In addition, the MOE was flexible enough to put different proposals on the table.

The proposals are:

> Stick to Mathematics and Science in English;

> Revert to Bahasa Malaysia;

> Let primary schools teach both subjects in the mother tongue and secondary schools use English;

> Let primary schools decide for themselves;

> Mathematics and Science be taught in Bahasa Malaysia and mother tongue for Years One to Three and in English from Year Four onwards;

> A combination of mother tongue in the first three years and a choice of mother tongue or English after that; and

> The two subjects will not be taught in Years One to Three and instead be integrated into other subjects.

Some may criticize the fact that putting these options on the table is just for show that the Ministry has already made up its mind but I do think that there was a serious effort on the part of the MOE officials to incorporate at least some of the feedback they received from the different stakeholders into their thinking process.

Ultimately the decision will probably be influenced by political as much as educational motivations but I think the MOE should be commended for the way they approached this issue. Especially when you consider the manner in which this executive decision was 'imposed' on Malaysians 6 years ago. The Minister, his Deputy and the DG of MOE should be commended for this.

Saturday, December 27, 2008

Foreign students - socialising with the locals?

To build on Kian Ming's points about students from Botswana, I thought I would relate my own experience from spending one-and-a-half years at a local college with many foreign students, especially from Botswana.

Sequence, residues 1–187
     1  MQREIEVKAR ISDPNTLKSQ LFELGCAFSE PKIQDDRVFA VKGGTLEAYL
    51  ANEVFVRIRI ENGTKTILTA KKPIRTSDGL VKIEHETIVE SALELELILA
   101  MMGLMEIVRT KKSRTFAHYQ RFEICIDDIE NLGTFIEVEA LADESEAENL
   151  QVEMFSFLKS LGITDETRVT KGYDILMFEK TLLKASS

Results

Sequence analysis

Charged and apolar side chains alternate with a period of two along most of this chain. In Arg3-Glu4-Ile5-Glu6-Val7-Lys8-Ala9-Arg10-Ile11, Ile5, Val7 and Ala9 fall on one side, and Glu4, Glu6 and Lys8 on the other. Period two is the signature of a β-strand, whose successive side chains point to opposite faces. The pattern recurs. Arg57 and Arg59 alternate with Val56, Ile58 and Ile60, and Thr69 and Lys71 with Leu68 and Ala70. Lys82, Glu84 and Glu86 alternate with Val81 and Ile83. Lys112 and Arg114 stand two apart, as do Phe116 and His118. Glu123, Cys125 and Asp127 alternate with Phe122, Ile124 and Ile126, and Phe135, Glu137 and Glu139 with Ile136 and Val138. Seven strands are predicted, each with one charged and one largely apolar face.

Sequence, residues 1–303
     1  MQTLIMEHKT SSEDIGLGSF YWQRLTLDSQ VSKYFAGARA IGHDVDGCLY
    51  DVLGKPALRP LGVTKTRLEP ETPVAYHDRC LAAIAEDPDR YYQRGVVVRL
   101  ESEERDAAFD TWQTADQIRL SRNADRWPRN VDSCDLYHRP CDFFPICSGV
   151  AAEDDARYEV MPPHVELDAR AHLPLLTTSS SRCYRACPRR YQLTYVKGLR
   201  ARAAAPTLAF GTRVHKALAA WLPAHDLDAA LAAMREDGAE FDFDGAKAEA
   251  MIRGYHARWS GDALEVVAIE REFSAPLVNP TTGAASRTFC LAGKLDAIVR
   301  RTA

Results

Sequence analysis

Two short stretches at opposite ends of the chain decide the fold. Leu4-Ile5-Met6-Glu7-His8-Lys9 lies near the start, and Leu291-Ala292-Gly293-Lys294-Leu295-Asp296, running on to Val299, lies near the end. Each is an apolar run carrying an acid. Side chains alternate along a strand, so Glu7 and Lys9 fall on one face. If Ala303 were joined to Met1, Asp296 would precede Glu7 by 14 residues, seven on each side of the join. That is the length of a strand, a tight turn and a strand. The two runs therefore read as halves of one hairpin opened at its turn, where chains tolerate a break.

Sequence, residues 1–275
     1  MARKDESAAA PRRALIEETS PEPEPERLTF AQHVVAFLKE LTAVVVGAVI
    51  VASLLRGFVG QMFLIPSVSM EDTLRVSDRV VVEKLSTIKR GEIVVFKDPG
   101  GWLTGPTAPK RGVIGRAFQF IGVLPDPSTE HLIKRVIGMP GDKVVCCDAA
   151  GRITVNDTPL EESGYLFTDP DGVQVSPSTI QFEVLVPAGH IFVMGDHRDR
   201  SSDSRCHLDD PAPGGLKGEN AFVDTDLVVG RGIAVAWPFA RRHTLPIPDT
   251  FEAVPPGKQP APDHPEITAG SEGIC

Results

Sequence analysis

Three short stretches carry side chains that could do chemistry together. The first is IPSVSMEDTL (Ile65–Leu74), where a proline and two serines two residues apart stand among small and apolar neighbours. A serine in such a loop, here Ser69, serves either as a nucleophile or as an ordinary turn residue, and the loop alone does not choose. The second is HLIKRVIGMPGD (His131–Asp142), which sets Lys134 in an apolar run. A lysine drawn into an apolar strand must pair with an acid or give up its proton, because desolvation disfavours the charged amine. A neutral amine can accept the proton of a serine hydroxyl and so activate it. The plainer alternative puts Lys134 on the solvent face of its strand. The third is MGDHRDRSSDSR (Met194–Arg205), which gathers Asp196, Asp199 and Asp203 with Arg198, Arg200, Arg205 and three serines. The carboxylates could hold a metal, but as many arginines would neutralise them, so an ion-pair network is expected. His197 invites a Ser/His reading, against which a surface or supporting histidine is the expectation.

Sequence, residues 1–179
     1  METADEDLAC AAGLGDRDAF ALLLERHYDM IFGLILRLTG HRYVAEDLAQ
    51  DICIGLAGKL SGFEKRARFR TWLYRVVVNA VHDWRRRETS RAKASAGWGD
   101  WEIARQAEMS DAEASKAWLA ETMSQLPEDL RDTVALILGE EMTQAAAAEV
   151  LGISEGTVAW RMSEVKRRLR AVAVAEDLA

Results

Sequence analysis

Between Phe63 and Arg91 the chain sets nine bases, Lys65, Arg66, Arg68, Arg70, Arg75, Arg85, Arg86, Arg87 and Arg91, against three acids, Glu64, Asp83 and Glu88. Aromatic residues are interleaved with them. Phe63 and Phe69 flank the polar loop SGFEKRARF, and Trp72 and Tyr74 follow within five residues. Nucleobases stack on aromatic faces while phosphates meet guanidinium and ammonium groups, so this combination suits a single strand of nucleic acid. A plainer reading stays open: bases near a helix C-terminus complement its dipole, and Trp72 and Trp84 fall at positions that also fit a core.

As I mentioned before, I did my A-Levels in KDU College, an institution that has attracted many foreign students interested in pursuing degrees in law, engineering, and other disciplines. My foreign classmates were mostly from the Maldives, India and Bangladesh, and most of them had no problem integrating with the locals.

At the same time, there were often a lot of students from other countries in other programs - guys from Botswana, Mauritius, places in the Middle East. One thing I observed is that most of the African students kept to themselves in their own cliques, while students from other places mixed with the locals freely.

To some extent this can be attributed to racial attitudes. People from the Indian subcontinent look like locals, and so we probably have an easier time relating to them than we might with someone from the Middle East or Africa. A lot of my friends, especially the girls, were frightened of or otherwise not interested in mixing with African students. So I can see where the Botswana government is coming from when they worry about their students having a hard time integrating into Malaysian society.